Goffstown teen turns struggle with insomnia into award-winning art
GOFFSTOWN — Goffstown High School sophomore Georgia Schill was struggling with sleep. So much so, in fact, that she decided to express her struggle the best way she knew how.
Using a medium she had never used for a prior project, Schill created a self portrait that she titled “Insomnia.” At the time, she had no idea the drawing would generate any recognition, let alone national accolades. Yet, that is exactly what has happened for the 15-year-old standout.
The piece not only earned her one of 26 National Gold Medals from the National Scholastic Art Awards, but Schill has also earned the AmericanVision award for most outstanding art work of any student from New Hampshire.
She’ll attend a two-day awards celebration in New York City on June 6-7, and will receive her Gold Medal and American Vision accolades on stage at Carnegie Hall.
Schill ‘s high school teacher, Ava-lyn Lane, said Schill’s piece was chosen from a pool of nearly 350,000 drawing submissions nationwide.
Before reaching the national competition, Schill was selected as a regional Gold Key winner from a panel of three judges, said Lane.
“It’s a very small percentage of students who are actually recognized at the national level,” she said. “It’s sort of like the Olympics, where it’s elimination after elimination to get where she has.”
But the process was born out of frustration and fatigue.
“It’s something I’ve been dealing with my whole life,” said Schill. “So I wanted to create this self portrait that not only looked like me, but captured these really strong emotions and feelings of tiredness. It’s so heavy and difficult to even function because you’re so tired.”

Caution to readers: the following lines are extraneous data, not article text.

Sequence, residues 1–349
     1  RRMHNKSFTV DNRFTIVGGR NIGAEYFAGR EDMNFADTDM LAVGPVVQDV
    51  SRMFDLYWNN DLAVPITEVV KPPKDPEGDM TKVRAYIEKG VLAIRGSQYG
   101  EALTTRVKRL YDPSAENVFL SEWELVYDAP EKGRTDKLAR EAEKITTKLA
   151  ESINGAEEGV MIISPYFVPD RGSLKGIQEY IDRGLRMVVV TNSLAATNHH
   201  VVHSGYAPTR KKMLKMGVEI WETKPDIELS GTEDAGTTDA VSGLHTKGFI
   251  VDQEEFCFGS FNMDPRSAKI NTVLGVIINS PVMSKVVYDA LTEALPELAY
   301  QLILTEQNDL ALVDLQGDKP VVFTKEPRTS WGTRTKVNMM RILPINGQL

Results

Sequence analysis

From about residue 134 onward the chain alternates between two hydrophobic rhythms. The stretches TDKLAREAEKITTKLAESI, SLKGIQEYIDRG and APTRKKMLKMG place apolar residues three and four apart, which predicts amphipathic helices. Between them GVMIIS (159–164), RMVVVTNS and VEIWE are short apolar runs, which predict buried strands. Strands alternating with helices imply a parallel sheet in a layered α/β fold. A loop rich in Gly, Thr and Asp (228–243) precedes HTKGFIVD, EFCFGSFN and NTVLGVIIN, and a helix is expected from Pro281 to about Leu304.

Taking into consideration the reality that Schill had never completed a project with copic markers prior to her creation of “Insomnia” makes the accomplishment all the more impressive, said Lane.
“It was really an exquisite handling of the marker and the application of the marker on the surface that she worked on,” she said. “But I think the biggest piece is that she captured that feeling and emotion, and it’s a piece that’s reflective of herself. You can really identify with the image when you see the title.”
Schill not only picked the subject matter, but she took full control of the process with little oversight and advice from Lane and fellow students.
“Really, she delved into this full tilt, I would say 95 percent on her own,” said Lane.
Schill said she had been experimenting with copic markers in her sketch book, but tackling a project like “Insomnia” was a first for her.
“I really wanted to push myself and learn more, so I went online and ordered a bunch of markers and as soon as they came in I did this drawing, and it turned out exactly how I wanted it to,” she said. “I think the movement with the markers played an important part of expressing my emotion in the piece because you can see the anxiety in the lines and the contrasting colors and stuff.”
Schill now finds herself in a select class. Past Gold Medal winners include notable artists such as Andy Warhol and John Baldessari, whose work has influenced the course of art history worldwide, according to Lane.
“She’s only a sophomore, so she is competing against juniors and seniors as well,” said Lane. “The sophistication on her work is unusual for her age, and she has that passion and drive to keep moving forward.”